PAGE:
Constance was meticulous in everything she did. Her friends and colleagues said that while she was really well-intentioned, her standards were just too high and she was way too controlling. “You need to let go” everyone told her. But she was determined to get things just right. And when a big project didn’t go her way, she found herself falling into into a funk. She couldn’t care anymore.
But since we tend to think of depression as nothing more than a pathological state, it didn’t occur to her that perhaps walking away from unrealistic expectation might be a healthy reaction. Not only did she miss the message, she interpreted it in a way that made her more depressed.
This is the first in a short series about the reasons that compulsive people get depressed. People who have compulsive personality traits, or who have obsessive-compulsive personality disorder (OCPD), are especially susceptible to depression, and it’s important to untangle the two. Otherwise they can each make the other worse. Being compulsive can make us depressed, and sometimes we try to cure or cover the depression by being more compulsive.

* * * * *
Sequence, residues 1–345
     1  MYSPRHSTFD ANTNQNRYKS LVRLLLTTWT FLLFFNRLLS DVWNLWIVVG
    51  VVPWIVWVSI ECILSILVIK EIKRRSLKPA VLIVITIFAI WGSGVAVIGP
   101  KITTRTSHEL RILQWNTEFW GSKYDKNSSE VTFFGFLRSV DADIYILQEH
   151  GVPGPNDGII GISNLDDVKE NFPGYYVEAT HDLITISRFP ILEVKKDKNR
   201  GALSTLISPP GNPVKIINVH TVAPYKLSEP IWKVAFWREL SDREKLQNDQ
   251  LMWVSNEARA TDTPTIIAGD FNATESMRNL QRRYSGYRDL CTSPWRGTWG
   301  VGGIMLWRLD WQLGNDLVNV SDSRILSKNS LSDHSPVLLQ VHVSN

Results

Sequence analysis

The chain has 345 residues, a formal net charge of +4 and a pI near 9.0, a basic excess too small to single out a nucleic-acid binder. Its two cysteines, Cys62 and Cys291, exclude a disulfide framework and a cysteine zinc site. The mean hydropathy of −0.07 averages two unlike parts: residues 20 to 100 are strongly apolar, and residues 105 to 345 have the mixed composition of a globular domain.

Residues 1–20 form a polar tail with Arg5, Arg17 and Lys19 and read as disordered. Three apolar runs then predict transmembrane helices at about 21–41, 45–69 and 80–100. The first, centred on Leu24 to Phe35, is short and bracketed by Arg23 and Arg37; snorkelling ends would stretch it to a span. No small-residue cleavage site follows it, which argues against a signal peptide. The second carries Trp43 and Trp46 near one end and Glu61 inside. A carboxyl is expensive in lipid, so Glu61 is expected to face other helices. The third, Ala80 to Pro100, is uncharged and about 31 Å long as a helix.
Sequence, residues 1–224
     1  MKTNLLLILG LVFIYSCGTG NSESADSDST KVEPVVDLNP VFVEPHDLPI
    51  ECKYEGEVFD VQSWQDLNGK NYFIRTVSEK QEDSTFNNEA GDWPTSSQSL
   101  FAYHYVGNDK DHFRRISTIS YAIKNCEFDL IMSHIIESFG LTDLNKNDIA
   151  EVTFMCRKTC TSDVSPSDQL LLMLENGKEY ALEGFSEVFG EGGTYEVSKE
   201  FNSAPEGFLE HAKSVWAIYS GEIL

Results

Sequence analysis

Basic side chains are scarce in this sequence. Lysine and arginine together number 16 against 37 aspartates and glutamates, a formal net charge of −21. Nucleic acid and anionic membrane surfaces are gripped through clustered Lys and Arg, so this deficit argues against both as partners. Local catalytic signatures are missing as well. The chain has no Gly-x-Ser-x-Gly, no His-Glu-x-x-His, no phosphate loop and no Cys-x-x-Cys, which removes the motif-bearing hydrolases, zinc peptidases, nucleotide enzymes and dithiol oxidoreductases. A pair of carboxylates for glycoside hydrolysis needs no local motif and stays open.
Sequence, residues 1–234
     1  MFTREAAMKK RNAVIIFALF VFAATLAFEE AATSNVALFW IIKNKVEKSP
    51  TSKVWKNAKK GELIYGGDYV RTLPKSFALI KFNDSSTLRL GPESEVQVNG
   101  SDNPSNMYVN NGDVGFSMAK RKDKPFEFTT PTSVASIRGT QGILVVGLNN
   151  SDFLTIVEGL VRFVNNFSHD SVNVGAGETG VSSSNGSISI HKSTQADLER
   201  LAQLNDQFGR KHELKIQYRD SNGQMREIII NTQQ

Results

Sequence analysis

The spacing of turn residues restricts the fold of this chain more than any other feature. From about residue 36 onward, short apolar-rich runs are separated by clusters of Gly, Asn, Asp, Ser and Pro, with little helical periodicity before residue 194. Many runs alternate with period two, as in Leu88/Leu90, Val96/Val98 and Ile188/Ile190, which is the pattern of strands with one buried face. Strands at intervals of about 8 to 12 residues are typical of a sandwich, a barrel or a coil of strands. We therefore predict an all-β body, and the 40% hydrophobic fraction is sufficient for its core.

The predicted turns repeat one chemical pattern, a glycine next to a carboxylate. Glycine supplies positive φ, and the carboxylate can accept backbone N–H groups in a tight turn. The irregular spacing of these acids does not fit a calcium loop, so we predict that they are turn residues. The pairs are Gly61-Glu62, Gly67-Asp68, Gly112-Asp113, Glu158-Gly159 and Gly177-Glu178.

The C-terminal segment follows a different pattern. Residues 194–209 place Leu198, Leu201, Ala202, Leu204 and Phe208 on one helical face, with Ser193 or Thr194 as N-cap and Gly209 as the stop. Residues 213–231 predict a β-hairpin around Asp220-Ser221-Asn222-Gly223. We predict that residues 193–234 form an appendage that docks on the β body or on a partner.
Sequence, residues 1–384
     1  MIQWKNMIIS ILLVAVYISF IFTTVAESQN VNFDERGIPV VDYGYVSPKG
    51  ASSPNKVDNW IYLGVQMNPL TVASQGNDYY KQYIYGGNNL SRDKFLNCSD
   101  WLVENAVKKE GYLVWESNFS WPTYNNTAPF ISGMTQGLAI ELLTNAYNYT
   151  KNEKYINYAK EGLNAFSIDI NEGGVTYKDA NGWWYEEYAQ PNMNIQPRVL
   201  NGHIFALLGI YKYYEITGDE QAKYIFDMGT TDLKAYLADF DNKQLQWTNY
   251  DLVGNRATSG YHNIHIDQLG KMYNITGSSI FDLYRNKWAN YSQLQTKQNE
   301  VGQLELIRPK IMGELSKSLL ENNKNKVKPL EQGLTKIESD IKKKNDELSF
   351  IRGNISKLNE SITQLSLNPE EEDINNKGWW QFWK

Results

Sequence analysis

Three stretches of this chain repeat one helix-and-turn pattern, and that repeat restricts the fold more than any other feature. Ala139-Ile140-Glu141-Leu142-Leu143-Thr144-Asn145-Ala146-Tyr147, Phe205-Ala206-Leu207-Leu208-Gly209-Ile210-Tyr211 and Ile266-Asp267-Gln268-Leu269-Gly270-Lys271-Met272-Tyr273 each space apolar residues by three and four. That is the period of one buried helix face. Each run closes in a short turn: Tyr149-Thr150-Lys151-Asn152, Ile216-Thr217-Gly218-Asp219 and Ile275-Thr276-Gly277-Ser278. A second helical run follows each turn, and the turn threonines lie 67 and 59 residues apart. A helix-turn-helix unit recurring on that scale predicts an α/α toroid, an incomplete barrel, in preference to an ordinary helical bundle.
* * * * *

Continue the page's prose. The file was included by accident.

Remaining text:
These posts will offer a very different way to understand depression, and offer suggestions to help you break the cycle that can occur between compulsive personality and depression. However, I also want to make clear that if you are suffering from a serious depression you should consult a mental health professional for help through psychotherapy, medication or both.
The Potential Purpose and Value of Depression
Depression sometimes has a purpose. Especially if you’re compulsive or driven, it can be nature’s way of slowing you down when you’re going too far in one direction. Correctly understood, it has potential value.
While there is much to support this idea of depression having purpose, in this post I’ll be drawing on two very different sources to support it: psychologist and mood researcher Jonathan Rottenberg, and early twentieth century groundbreaking psychiatrist, Carl Jung.